Before he went to bed on election night, Wasserman learned that the tide had turned away from Kerry's victory. But he had no idea that, for the Democrats, the controversial election would be over so soon - or that for his corps of activists, it was the beginning of a struggle to prevent Bush's inauguration.

Wasserman's r?sum? as an activist and journalist dates to the early 1960s civil rights movement. In the 1970s, he helped launch the grass-roots anti-nuclear movement and helped coin the phrase "No Nukes." He teaches history at Columbus State Community College and has spent most of his career speaking and writing against nuclear power and promoting trends in renewable energy.

Currently, he is senior editor at www.freepress.org, an alternative Web site, which started as a publication in 1970 as a forum for activism and protest against the Vietnam War. Since Nov. 2, Wasserman has rallied support for investigations into voting irregularities, organized public hearings in Columbus, worked on a documentary and called for a revote in Ohio.

The hearings and demonstrations and a soon-to-be-released book and the documentary, which contains what Wasserman called "devastating footage" from election night, will stand as historic record, the activist said. But Bush's inauguration won't end Wasserman's activities.

"The people of progressive politics who are despairing should remember what happened to Nixon after he was re-elected in the midst of Watergate," he said. "We must make sure the crimes of this election are not lost in their impact. Bush can't steal an election and walk away without consequences."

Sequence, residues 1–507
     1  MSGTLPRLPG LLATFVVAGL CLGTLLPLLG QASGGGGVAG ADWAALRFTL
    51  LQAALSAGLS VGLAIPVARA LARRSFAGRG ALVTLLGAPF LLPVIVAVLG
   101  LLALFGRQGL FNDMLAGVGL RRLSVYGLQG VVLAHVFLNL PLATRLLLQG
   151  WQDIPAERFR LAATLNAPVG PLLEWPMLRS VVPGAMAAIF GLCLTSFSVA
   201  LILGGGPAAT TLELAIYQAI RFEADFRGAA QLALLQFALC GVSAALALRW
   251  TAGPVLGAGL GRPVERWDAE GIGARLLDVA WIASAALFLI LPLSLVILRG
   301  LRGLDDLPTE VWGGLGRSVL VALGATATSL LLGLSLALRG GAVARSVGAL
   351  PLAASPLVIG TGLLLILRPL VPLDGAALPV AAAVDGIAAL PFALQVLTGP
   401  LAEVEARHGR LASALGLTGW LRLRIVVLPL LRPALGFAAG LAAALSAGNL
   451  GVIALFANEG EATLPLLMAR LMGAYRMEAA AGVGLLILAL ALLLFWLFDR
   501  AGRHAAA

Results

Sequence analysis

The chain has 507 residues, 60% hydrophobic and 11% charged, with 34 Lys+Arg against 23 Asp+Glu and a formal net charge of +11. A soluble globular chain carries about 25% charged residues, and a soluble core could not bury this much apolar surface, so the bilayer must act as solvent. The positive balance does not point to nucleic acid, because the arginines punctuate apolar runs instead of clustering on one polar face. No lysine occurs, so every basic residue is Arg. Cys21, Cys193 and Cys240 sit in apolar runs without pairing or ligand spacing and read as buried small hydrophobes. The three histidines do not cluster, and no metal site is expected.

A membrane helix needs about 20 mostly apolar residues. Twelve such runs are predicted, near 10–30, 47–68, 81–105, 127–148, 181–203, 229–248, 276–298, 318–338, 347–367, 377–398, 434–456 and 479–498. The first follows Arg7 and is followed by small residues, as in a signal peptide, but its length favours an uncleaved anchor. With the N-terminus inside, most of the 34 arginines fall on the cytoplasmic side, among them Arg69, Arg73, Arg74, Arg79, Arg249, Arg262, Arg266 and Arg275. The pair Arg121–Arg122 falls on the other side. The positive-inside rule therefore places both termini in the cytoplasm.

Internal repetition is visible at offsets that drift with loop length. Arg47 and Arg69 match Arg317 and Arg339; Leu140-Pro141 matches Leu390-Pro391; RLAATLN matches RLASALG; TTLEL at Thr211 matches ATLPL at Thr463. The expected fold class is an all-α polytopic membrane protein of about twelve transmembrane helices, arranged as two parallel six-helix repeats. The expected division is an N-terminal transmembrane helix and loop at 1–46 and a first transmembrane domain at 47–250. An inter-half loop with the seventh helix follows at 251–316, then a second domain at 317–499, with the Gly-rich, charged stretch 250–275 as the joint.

'Nobody's giving up,'

activists are galvanized

Sheri Myers was in the Orlando, Fla., airport, coming off of John Kerry's Florida campaign operation, when she got the call. Her mom phoned to tell her that Kerry had conceded the election.

"You know that feeling when you're in a relationship, and you know in your soul that someone has been cheating on you?" she said, remembering that moment in the airport terminal. "That's how I felt. I knew something was terribly wrong."

Myers started Mar Vista Neighbors for Peace and Justice, a protest group in her Los Angeles neighborhood, and is a member of Code PINK, a women's peace organization, which made waves in September when members were arrested outside the Republican National Convention.

Myers helped mobilize 200 volunteers in Marion County, Fla., who worked the phones, drove the elderly to the polls and distributed literature. But the mission, Myers said, only intensified after Kerry gave up.

Myers is distributing a DVD as part of a "Voter Fraud Activist Kit." The video, produced by Columbus filmmaker Linda Byrket and titled "Ohio/Nov2-Standing in the Rain with Jim Crow," depicts long lines, voters waiting in the rain or being told they're at the wrong precinct, Myers said.

"What we have here is a civil rights violation on a massive level," she said.

Originally from Delaware, Ohio, Myers spread the word about the DVD on her e-mail list of 300 activist friends. She also distributed copies of the DVD along her bus tour to Washington, D.C., to protest Congress' certification of the election.

Even as Bush prepares for his inauguration, Myers said she will galvanize her protest by linking up with activists in other major cities and bringing them to Washington.

"Nobody's giving up," she said. "Thousands of people are gonna come to Washington by the busload, because now we know how to do it. Nothing is stopping us. These buses are gonna roll."